Fire sculpture folds in community

A team uncovers a sculpture designed by Nina Hole, which was fired on site at Purdue. Photo/Domenica Bongiovanni

Lafayette (Ind.) Journal & Courier (04.14.2016)

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Fire sculpture print PDF

Fire sculpture print PDF

Ceramic artist Nina Hole’s fire sculptures are both magnificent and rare — only about two dozen exist in the world. After Hole designed them, her team built and fired them on site, inviting the community to be involved in the entire process.

Purdue University’s Lonsford Committee commissioned one of these sculptures, which turned out to be the last Hole designed. The celebrated artist died in early 2016 and never saw her last piece, which was built in late March and early April.

Because of its prominent construction spot outdoors on campus, the fire sculpture received plenty of local media attention. So when I wrote in depth on it, I had to find a fresh, meaningful angle. That it was Hole’s last designed sculpture and was to be what one of my sources called an “avant-garde bonfire” were spectacular.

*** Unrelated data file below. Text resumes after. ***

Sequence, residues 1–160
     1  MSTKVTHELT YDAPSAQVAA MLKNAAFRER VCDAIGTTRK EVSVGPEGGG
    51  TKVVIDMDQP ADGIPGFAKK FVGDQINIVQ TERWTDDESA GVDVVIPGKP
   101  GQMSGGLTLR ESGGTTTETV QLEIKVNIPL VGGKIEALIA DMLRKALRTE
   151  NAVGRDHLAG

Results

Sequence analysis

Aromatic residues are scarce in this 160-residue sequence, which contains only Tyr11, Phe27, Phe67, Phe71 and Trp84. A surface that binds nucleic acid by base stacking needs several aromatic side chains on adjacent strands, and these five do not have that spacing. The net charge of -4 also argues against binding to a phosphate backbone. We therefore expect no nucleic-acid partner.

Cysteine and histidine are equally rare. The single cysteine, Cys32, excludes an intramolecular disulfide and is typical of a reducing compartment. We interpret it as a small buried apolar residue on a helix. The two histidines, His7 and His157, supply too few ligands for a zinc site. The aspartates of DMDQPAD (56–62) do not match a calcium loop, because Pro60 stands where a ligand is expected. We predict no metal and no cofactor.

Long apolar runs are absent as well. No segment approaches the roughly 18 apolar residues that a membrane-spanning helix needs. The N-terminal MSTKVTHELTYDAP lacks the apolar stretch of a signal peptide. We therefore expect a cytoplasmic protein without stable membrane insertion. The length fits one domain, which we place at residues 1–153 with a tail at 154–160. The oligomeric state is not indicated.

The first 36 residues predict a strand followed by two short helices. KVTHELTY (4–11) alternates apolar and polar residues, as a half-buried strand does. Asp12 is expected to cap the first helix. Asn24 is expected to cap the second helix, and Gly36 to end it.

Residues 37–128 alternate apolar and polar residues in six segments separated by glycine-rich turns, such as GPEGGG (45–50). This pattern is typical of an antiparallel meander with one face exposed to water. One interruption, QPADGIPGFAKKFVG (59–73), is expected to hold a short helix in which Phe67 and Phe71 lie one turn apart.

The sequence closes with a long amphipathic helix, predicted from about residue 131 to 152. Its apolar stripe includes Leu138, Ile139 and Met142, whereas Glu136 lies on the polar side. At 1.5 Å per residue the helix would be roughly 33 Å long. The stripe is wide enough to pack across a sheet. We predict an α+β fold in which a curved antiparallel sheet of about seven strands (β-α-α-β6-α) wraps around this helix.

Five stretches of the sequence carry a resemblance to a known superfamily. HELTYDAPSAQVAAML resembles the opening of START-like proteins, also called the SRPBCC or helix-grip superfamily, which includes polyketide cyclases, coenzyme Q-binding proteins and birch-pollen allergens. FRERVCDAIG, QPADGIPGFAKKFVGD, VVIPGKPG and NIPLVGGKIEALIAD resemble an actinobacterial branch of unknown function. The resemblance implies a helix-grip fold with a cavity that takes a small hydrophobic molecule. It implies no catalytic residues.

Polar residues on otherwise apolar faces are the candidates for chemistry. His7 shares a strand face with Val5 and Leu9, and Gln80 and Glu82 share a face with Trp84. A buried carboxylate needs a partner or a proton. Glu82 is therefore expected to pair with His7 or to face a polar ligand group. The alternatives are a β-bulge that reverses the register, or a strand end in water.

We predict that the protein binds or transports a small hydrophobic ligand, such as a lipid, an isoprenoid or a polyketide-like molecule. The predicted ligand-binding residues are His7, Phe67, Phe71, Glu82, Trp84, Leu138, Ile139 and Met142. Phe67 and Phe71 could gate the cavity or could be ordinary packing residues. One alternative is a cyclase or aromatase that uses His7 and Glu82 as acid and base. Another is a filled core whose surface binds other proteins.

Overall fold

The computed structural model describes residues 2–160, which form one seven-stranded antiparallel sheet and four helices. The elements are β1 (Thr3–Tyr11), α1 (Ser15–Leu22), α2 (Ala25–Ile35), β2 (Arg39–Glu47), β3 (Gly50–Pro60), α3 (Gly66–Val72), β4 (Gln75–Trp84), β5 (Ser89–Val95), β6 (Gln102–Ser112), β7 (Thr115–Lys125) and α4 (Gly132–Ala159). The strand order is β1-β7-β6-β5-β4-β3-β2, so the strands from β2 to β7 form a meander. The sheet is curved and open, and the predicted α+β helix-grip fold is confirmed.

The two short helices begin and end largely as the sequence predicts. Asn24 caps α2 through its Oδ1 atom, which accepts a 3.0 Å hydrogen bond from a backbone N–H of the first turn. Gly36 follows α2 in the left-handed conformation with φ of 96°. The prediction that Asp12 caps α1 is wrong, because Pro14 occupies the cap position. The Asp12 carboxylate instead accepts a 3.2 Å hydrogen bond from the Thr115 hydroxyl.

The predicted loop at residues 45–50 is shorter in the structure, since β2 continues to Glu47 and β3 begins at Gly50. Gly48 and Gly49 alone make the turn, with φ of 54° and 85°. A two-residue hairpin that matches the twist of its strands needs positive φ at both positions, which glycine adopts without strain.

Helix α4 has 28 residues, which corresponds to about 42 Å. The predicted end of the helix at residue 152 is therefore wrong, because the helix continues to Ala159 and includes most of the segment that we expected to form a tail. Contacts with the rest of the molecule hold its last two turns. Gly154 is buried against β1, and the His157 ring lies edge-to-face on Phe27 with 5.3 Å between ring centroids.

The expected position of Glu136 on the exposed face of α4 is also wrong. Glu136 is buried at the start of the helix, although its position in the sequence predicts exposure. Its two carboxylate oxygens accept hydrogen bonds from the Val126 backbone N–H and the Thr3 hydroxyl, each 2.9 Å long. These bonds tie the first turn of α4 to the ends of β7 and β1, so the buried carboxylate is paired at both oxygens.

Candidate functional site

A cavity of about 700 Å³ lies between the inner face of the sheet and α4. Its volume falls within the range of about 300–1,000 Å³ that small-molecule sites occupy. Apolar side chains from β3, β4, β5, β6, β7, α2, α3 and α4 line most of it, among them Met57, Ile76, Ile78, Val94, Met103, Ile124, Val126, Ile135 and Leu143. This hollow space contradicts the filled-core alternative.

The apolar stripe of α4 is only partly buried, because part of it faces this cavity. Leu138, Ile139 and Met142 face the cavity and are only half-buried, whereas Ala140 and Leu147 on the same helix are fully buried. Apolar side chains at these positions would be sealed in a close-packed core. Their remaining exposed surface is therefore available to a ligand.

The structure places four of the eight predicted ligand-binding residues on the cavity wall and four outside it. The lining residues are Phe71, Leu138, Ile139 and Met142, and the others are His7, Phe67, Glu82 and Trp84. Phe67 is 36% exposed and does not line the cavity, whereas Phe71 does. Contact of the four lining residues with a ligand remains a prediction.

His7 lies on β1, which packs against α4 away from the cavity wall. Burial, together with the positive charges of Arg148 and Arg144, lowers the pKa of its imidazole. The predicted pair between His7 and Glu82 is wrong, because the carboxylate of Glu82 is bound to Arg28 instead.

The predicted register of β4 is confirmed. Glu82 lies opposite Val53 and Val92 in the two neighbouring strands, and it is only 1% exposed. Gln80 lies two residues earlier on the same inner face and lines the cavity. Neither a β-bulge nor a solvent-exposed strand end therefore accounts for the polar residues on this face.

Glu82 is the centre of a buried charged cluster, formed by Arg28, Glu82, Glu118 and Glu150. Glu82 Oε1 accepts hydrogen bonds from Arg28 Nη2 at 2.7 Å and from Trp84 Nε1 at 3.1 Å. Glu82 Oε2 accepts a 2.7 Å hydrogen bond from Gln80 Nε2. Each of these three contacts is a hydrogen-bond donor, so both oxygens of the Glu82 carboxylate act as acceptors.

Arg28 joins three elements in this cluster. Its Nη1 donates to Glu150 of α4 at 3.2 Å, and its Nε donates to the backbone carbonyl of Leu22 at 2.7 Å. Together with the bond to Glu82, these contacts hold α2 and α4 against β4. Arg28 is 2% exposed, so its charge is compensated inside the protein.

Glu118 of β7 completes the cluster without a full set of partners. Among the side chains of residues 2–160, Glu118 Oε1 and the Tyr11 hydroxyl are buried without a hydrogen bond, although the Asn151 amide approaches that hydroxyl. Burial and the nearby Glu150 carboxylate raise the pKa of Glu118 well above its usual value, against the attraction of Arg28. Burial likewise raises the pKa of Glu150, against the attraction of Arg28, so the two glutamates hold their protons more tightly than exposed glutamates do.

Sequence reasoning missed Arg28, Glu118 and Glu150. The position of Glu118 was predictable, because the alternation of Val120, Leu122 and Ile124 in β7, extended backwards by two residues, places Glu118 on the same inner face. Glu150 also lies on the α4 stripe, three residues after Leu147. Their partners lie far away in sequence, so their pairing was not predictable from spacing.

But the artist’s care for people — even after her death — and the community connections the sculpture’s construction formed proved to be both a touching and largely uncovered storyline.

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